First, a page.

Thinking outside the block: Unlikely lessons in leadership from real estate

by Mark Jones

Real estate agents. Come on, be honest, do you trust them? Is there anything a discerning entrepreneur, marketer or business leader could glean from the time honoured tradition of marketing and selling property?

Well, I for one didn’t see this lesson coming. But I’m here to say not only does this traditionally maligned profession offer a lesson or two, it’s a graphic example of that worthy adage – sometimes the best ideas come from outside your industry.

In my case, I’m the CEO of a brand storytelling agency – we help marketers grow their companies using the power of story. I’ve also spent a large chunk of my career as a journalist.

So there it is: marketing and journalism. Right up there with real estate and lawyers as perfect fodder for stand up comedians and backyard barbeque tales of outrage.

Here’s what got me thinking – the experience of successfully selling our home in Sydney’s hot real estate market this summer.

I wasn’t on the lookout for marketing leadership and customer experience inspiration, but there it was. A successful sale (hooray!), and a timely reminder in the value of making sure you “get” your customer.

Here’s the experience distilled into a few valuable lessons:

Client first, agency second

Real estate and marketing agencies exist exclusively for the benefit of clients. End of story. It’s not hard to find examples where this model is inverted when leaders start drinking their own Kool-Aid. But consider the reality.

Realtors are agents in a very practical sense. They stand between you and the sea of hungry property buyers, sorting out the tyre kickers from the serious buyers and negotiating the best outcome.

Likewise marketing agencies are valuable intermediaries between the brand and customers, or target audiences. We facilitate, guide and deliver a return on marketing dollars invested.

Know what to say, and when

If you’re not a good communicator, it’s game over. Real estate businesses rise and fall on agent performance and ability to communicate. Consider the demands we place on them: available 24×7 with quick responses to phone and SMS, formal reporting on a weekly basis, polished negotiation skills and clear expectation setting.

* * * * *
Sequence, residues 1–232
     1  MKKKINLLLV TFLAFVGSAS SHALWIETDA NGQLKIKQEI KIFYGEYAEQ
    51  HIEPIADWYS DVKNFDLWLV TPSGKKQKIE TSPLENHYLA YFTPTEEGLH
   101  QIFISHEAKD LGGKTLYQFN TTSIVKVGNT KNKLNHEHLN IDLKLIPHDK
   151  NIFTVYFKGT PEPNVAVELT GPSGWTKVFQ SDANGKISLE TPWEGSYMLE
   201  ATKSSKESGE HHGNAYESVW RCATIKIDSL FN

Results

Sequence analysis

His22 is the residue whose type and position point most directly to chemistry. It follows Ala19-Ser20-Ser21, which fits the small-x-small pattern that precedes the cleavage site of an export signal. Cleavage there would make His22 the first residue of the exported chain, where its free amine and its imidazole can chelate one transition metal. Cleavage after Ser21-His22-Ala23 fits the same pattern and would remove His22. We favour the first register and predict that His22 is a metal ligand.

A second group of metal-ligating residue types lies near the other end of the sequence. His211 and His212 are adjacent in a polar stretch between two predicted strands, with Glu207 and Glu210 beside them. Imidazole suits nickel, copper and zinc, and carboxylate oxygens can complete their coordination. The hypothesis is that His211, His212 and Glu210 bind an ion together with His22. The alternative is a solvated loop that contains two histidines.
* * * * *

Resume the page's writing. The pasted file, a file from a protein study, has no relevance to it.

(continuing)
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Marketing agencies face the same demands and more, particularly as the demand for solid ROI metrics becomes more acute.

Give me advice and don’t be shy

It almost goes without saying that consultants should consult. Have an opinion and apply your expertise. Don’t keep asking clients what they’d like you to do. Direct and guide is infinitely more valuable.

It’s a tough balancing act for a real estate agent. What’s a property actually worth, and will the market actually support that price? A good agent keeps a clear head, doesn’t oversell or over promise, and lets the market of buyers do the talking.

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In marketing, we face a similar dilemma. Exactly what results can the client expect from your marketing and communications activities? Consider the typical factors: budgets, customer data, creativity, and execution. Seasoned agencies need the right mix of experience and data to set clear expectations, leaving plenty of room for surprising clients on the upside.

Do great work, and let your reputation do the rest

Next up, word-of-mouth marketing. It’s the lifeblood of real estate. Our agent came recommended by a close friend, and we ended up having at least six other friends in common. That dynamic is a brilliant motivator: the agent can’t afford to let us, or the wider network of friends down.

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So too in marketing. Marketers move companies and inevitably they invite agencies to follow. Happy clients also recommend agencies to industry friends and partners. If you’ve forgotten to foster this dynamic through case studies and testimonials, for example, it’s time to put it higher on your agenda.

Stick to your guns on pricing

Finally, the money conversation. If ever there was an industry fighting margin erosion, it’s real estate. Some agents will drop their commission pretty quickly to get a listing, and others won’t.

In our case, we did get a discounted commission rate, but only at the lower end of our agent’s narrow band. The pitch to us as clients was simple and surprisingly effective: I’m at the top of my game, here’s the evidence, and I have a staffing cost base that supports my ability to deliver for you. I can’t go any lower than this rate otherwise your services will be affected. Fair enough.

The marketing parallels are obvious. Having a clear understanding of your cost base and ability to discount is one thing. The better mindset is knowing your value, demonstrating that value and sticking to your pricing guns.

Then all you have to do is make the magic happen – and keep your eyes open. Fresh ideas are only an industry away.

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